It might be life’s single most important question, and it’s pondered by all of us at some point. Should we have kids?
The impulse to have a family can be huge — especially if your friends and family are popping sprogs left, right and centre. Kids are cute, can (hopefully) mean that you won’t spend your old age being bored, will (definitely) give your life a new set of meanings, and turn you and your loved one from a couple into a 100% legit family. But weighted against this are a number of questions — should you bring another child into an already heavily populated world? Can you afford to support them? Can you deal with near-constant sleep deprivation? Are you willing to make children your number one priority?
The stereotype of frazzled parents is everywhere. (I live up to them myself at times!) Especially if you’re a woman, you’re often told — directly or indirectly — that once you have children, your needs, wants and desires are left behind, beneath the all-consuming task of motherhood. Don’t get me wrong. Being a mum is hard. It’s the hardest thing I’ve ever done. There are sleepless nights… one after another. You have to give up so much of your free time and the things you used to take for granted… well… you’ll miss them more than you’ll know. Things are easier without kids, I’d be lying if I said otherwise. At the same time, people think you should be staying at home, wearing baggy clothes and grieving over your past life. Clearly, as I sit here writing this in a gorgeously bright floral swing dress from Lindy Bop that I wore today, that way of thinking is a load of rubbish. But it doesn’t have to to be all bad — in fact, it’s perfectly possible to continue working towards achieving your dreams even when you have kids. Here’s how.
What are your dreams?
Before you have children, try to consider what your dreams actually are, and think about how they might fit with parenting. If your dream is to be a top-flight lawyer, then there’s no way around it — you’re going to spend a lot of time in the office. You’re going to need either a stay-at-home partner or lots of childcare. If your dream is to travel the world, your easiest option is to homeschool your children (or ‘worldschool’, as the cool kids are calling it these days). If you don’t get a chance to consider your dreams before your little one arrives, make the most of maternity leave. It can be the life-changing bit of free time that you need.
You’re going to need patience in buckets, and be ready to take whatever life throws at you. But all it means is that if you can, a little planning is all it takes. You’ll need help if you have it. In every sense of the word. So when people offer to babysit or let you have a nap, take them up on the offer! This is no time to be shy.
Kids can actually help your career
For some people, having children is a boost to their professional life; the knowledge that you have small mouths depending on you can be a powerful motivator. You have another reason, other than yourself, to really push forward with your dreams. It doesn’t necessarily have to be financial. It could be recognition or target based. Whatever it is, you’ll have another reason to open your laptop at 4 am when you’ve finished a feed. Trust me, it happens.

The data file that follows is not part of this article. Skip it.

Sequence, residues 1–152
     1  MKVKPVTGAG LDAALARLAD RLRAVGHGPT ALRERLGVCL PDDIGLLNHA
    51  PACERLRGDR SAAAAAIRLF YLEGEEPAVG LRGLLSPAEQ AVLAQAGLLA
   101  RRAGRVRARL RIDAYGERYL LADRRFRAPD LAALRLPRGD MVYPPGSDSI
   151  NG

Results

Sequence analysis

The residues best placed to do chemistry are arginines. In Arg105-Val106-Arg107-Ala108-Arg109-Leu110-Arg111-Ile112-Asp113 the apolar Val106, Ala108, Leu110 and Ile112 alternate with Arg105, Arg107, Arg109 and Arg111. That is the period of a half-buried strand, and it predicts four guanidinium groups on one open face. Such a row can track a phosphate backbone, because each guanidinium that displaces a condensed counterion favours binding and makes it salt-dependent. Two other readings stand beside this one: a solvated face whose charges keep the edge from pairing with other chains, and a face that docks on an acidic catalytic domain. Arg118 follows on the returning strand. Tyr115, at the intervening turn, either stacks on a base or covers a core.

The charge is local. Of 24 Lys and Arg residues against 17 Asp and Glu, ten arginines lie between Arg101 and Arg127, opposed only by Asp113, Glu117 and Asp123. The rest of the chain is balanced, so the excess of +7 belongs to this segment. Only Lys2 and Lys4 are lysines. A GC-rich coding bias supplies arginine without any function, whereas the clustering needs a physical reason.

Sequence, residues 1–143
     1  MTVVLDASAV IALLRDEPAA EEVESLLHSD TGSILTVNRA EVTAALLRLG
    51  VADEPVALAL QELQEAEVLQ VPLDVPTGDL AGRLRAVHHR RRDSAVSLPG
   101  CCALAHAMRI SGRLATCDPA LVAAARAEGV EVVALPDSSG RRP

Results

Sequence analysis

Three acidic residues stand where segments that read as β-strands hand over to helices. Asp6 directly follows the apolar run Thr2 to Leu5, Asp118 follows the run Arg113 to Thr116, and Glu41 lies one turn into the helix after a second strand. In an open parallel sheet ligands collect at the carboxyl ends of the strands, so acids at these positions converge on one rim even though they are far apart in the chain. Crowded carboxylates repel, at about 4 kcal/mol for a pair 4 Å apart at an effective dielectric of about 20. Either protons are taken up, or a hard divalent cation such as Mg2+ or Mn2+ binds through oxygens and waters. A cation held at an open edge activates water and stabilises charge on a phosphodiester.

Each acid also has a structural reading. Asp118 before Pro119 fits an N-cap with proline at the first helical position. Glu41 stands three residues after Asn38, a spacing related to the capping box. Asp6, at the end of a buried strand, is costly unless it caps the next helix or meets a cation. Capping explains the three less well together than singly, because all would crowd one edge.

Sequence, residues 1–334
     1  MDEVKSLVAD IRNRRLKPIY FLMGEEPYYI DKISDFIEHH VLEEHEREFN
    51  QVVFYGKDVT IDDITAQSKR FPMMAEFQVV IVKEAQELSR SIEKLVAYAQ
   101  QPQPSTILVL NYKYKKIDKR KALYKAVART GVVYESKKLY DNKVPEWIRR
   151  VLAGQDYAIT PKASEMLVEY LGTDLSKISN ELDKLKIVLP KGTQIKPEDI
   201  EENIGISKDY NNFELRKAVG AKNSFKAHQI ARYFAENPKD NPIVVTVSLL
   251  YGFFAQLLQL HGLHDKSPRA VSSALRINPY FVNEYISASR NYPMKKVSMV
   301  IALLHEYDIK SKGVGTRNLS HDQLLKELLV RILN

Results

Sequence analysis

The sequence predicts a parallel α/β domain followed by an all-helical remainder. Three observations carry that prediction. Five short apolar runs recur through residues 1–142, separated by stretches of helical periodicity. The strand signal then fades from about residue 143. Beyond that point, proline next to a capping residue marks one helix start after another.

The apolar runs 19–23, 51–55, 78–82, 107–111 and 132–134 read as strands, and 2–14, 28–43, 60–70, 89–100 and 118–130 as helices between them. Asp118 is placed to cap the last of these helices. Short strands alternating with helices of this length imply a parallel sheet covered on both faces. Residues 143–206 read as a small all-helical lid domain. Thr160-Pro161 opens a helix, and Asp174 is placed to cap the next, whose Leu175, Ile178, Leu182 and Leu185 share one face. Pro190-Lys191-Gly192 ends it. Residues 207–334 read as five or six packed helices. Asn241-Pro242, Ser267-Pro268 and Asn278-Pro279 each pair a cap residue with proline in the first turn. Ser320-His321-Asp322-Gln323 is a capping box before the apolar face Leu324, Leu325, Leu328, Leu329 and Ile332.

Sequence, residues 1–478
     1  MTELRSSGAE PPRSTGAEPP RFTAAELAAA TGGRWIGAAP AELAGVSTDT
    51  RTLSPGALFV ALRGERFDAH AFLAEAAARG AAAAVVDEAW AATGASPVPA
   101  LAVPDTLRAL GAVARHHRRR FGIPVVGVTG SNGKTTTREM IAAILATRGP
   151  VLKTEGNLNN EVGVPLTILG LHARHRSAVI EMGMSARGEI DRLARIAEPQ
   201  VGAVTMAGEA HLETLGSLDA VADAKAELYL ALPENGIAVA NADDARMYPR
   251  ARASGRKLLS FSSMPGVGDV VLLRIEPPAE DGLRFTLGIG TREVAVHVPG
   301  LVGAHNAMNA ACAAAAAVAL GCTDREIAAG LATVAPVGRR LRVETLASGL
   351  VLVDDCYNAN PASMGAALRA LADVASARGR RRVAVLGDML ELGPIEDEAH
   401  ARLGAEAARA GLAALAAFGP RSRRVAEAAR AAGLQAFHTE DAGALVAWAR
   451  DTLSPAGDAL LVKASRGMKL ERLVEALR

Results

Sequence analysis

An example for me is how efficient I have to be with my time now. How multitasking isn’t a fun skill, it’s a must. Something so minor but makes a massive difference is feeling good in what I wear and knowing that I can take a few outfit pictures while I’m out and about with the little ones. They get to have some fresh air and we all have a bit of family time. I get my shots done and dusted at the same time.
It’s 2018, people
If you’re a woman, this is important; just because you have kids doesn’t mean that you have to slow down in your career. If you need to work late nights, skip a few end-of-term shows, or miss out on tiny tots football tournaments, don’t beat yourself up — you’re role modelling female empowerment, putting food on the table, and achieving your dreams. There’s no reason why your partner can’t step up to take on equal (or greater) caregiving responsibilities. As long as you’re still managing to balance a bit of both work and play, then mama you’ve totally got this.
You’ll need to be realistic
Think about your dreams carefully, and think about how you’ll put achieving them into action. Even if you want to be an ultra-hands-on parent, it’s still important to think about yourself and your own well-being, and achieving your goals is part of that. You’ll need to prioritise — what things are most important to do now? What can you do now? And what can wait until your little one had got his first teeth? You’ll need to realise you can’t do everything; don’t set yourself unachievable targets, as it will just demotivate you and make you less likely to stick the course. Set yourself small, achievable micro-goals and celebrate your successes. You’ll find the small things stack up over time, setting you well on your way to achieving your dreams.
SHOP THE LOOK